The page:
Free space optical technology has been commercially available for decades, but has problems with fog, limiting its use. So AOptix packages optics with millimeter wave radio (which doesn’t work in rain), to provide carrier-grade availability of up to 99.999 percent (which translates into no more than 5.26 minutes of down time per year).
AOptix says its Intellimax ULL3000, which integrates both radio and optical transmitters, offers six times more channel capacity than microwave technology and two times more distance than millimeter wave technology at speeds 33 percent faster than fiber based technology.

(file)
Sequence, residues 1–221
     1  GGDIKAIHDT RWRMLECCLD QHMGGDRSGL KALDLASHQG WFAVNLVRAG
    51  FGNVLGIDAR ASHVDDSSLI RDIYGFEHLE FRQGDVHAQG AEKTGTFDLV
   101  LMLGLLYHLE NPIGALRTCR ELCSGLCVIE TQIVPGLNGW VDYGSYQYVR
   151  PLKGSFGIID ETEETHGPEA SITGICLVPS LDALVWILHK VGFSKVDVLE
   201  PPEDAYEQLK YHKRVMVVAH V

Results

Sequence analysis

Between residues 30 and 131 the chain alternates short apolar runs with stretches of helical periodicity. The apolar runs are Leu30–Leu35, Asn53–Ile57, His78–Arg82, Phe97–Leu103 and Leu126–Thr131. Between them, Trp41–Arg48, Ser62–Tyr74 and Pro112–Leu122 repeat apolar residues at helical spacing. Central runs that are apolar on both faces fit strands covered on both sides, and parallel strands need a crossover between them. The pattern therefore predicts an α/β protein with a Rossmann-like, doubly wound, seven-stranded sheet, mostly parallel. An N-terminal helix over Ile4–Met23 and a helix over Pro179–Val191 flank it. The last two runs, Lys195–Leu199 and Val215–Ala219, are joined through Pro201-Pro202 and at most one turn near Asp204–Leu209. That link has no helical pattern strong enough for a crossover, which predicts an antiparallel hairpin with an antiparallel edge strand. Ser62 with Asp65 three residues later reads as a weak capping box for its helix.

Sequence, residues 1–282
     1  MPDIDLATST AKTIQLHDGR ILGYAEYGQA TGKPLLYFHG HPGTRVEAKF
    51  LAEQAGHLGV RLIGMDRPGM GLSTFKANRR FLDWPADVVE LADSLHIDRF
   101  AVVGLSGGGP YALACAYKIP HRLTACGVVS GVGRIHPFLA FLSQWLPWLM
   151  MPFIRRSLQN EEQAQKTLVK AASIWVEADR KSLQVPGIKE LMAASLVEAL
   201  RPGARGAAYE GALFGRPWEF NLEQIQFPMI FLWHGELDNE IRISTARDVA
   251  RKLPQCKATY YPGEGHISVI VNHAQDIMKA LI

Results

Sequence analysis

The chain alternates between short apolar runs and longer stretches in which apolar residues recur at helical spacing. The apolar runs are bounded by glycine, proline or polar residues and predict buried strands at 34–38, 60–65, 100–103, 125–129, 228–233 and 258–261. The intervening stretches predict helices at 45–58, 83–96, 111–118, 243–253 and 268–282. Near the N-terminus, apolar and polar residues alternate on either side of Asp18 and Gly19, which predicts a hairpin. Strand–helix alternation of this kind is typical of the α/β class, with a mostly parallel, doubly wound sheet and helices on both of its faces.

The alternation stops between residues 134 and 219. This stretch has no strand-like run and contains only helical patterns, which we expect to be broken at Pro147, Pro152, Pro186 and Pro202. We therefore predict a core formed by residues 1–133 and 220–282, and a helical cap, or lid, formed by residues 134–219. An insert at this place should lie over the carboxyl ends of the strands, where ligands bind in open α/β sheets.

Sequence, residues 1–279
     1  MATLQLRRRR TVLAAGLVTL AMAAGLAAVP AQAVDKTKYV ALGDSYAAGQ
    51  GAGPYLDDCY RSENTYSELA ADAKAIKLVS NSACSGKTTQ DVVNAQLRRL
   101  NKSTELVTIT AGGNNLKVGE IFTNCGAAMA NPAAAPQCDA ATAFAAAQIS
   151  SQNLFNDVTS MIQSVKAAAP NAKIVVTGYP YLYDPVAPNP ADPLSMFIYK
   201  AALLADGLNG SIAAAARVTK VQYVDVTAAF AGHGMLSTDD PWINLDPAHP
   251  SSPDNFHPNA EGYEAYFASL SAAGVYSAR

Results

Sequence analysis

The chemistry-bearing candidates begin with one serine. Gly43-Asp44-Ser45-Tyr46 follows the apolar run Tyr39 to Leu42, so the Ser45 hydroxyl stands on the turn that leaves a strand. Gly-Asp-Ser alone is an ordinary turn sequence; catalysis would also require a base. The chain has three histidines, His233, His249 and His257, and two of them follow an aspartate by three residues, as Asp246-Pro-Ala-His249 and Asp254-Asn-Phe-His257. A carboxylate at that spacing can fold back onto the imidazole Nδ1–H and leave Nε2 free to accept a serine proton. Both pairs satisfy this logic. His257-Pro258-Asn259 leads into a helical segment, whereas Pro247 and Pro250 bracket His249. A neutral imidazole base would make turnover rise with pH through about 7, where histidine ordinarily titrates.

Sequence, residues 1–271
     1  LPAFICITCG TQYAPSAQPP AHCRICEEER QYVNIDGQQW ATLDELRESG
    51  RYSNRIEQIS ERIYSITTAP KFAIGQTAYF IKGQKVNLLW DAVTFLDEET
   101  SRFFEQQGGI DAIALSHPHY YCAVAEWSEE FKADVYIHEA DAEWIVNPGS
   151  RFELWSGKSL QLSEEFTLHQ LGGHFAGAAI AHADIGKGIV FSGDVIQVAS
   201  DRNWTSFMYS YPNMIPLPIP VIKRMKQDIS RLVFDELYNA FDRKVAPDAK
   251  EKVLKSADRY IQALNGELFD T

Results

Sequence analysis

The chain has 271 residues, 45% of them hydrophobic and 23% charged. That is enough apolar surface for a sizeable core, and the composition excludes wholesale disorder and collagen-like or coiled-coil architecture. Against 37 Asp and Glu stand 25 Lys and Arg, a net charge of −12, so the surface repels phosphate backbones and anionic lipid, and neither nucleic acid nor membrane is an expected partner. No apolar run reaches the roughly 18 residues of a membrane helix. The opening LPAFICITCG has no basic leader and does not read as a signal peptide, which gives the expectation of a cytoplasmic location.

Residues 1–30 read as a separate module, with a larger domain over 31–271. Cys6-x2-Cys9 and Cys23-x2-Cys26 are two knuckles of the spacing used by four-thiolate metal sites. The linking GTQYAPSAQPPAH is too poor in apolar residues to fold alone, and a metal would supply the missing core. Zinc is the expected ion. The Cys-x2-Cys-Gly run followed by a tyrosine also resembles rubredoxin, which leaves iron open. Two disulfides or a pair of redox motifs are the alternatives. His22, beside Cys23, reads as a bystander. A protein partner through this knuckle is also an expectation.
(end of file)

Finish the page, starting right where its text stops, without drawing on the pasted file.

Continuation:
AOptix Intellimax says the ULL3000 also supports latency 50 percent lower than fiber-based networks, at distances up to 10 km, irrespective of weather.
Now, in commercial applications, new tracking technology enables wireless communications equipment to be installed on any tower or structure while supporting up to ±3 degrees of twist and sway.
The technology has been successfully demonstrated under contract for the U.S. Department of Defense, enabling aircraft flying at high altitudes to transmit 10-80 Gbps of data error-free over hundreds of kilometers to air or ground platforms, Aoptix says.
AOptix is a partner in Project FOENEX (Free-Space Optical Experimental Network Experiment) with Johns Hopkins University Applied Physics Lab (APL) and L-3 Communications.
DARPA has undertaken the development of a 10 Gbps 1550 nm free-space optical communications link that works in conjunction with 270 Mb/s 15 GHz Common Data Link and a 100 Gb/s network router to form a hybrid optical/RF communications link, AOptix says.